Behind Iran's Protests: A Struggling Economy Despite Sanctions Relief

Cheryl Sanders
January 13, 2018

On Tuesday, he said the U.S. is "watching" as the "people of Iran are finally acting against the brutal and corrupt Iranian regime".

"Oppressive regimes can not endure forever, and the day will come when the Iranian people will face a choice".

"In recent events, enemies of Iran have allied & used the various means they possess, including money, weapons, politics & intelligence services, to trouble the Islamic Republic", said a post in English on Khamenei's Twitter account.

On Sunday, Christian Pastor Saeed Abedini, a former prisoner of the Iranian regime for three years, told Newsmax that the demonstrators' chant of "Leave Syria alone, do something for us" was nearly precisely what Trump said in his United Nations speech on September 19.

Rallies in support of Iran's leaders, including Ayatollah Ali Khamenei, have been held across the country to criticize the "seditious" character of anti-government protests and USA sanctions on Iran.


Iran's leaders appear to be divided about the reasons behind the anti-government protests roiling the country, who the demonstrators are and how to curtail the unrest - the most significant challenge to Iran's clerical leadership since 2009, when authorities resorted to a nationwide crackdown to crush the pro-democracy "green movement".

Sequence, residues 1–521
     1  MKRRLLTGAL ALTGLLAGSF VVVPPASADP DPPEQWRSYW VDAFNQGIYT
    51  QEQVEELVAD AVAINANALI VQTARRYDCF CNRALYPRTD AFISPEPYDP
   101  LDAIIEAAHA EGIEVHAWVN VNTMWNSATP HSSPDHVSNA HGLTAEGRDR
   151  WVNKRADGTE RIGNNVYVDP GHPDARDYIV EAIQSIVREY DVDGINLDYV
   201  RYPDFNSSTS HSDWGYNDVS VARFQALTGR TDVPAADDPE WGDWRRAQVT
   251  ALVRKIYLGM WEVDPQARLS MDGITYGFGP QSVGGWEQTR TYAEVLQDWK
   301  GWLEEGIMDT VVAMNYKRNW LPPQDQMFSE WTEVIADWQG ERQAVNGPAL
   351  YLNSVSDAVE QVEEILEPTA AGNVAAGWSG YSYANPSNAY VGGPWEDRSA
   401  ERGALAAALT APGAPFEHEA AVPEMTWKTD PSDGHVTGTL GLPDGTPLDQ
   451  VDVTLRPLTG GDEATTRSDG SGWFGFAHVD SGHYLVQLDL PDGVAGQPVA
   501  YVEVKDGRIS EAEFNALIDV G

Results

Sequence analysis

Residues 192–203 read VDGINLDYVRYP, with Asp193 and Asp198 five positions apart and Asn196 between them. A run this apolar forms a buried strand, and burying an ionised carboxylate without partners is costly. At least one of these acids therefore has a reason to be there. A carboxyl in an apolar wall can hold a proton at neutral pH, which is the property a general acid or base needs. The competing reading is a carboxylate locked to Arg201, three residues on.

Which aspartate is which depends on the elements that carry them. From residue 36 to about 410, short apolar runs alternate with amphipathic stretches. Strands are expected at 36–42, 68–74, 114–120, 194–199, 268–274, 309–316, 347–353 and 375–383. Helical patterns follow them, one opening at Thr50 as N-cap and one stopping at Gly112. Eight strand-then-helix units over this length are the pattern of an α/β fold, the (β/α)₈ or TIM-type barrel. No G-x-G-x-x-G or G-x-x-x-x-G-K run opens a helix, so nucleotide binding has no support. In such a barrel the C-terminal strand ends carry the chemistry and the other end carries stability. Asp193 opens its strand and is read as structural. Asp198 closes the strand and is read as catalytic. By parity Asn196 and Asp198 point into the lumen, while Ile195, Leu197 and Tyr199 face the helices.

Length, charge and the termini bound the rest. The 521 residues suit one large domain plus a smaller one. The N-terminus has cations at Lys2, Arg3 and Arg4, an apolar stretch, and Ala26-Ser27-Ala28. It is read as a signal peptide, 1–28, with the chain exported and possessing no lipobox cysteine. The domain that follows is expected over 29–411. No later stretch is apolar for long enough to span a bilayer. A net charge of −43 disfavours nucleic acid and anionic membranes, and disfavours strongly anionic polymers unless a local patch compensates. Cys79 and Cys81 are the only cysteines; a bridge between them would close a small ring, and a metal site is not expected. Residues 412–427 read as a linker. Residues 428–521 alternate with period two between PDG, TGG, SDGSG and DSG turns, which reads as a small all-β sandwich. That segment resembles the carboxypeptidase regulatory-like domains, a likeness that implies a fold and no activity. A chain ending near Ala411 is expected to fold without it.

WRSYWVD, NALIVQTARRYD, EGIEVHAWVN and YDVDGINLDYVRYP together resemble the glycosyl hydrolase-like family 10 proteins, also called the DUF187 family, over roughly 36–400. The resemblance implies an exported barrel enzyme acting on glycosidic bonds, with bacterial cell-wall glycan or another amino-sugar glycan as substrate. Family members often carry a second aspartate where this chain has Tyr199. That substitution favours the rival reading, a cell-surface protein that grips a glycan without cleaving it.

Many Iranians expected that their financial situation would improve after their country signed the 2015nuclear dealwith the USA and five other world powers.

The protests have been smaller - in the hundreds or, at most, a few thousand - but they have swiftly erupted in far more places compared with eight years ago. Looks like they will not take it any longer.

Iran has also blocked access to social media websites and the messaging app Telegram, which is used by millions of Iranians, in an attempt to stop communications and calls for protests.

Protesters in Mashhad and other cities have expressed anger over poor economic conditions in Iran, including a recent spike in prices, despite the 2015 nuclear accord that ended major global sanctions.


High Commissioner for Human Rights Zeid Ra'ad Al Hussein is also keeping a close eye on the anti-government protests.

The joint statement by four Special Rapporteurs - expert advisers to the United Nations who work on a voluntary basis - issued on Friday by the United Nations agency for human rights came eight days after anti-government protests broke out in Iran over corruption, unemployment and price rise, CNN reported.

The European Union said it was monitoring the situation and that it expected Iranians' rights to peaceful assembly and freedom of expression to be guaranteed.

Secretary of Iran's Supreme National Security Council Ali Shamkhani accused the US, UK and Saudi Arabia of using hashtags and social media campaigns inside Iran to incite riots.

The protests began on Thursday in Mashhad over Iran's weak economy and a rise in food prices.


Monday marked the first night to see a fatality among Iran's security forces.

Other reports by iNewsToday

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